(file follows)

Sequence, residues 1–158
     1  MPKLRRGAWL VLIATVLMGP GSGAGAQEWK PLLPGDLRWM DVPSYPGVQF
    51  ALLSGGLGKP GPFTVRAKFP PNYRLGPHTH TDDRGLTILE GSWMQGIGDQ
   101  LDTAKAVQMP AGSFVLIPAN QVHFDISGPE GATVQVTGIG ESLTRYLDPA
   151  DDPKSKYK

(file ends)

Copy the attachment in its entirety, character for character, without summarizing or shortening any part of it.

Sequence, residues 1–158
     1  MPKLRRGAWL VLIATVLMGP GSGAGAQEWK PLLPGDLRWM DVPSYPGVQF
    51  ALLSGGLGKP GPFTVRAKFP PNYRLGPHTH TDDRGLTILE GSWMQGIGDQ
   101  LDTAKAVQMP AGSFVLIPAN QVHFDISGPE GATVQVTGIG ESLTRYLDPA
   151  DDPKSKYK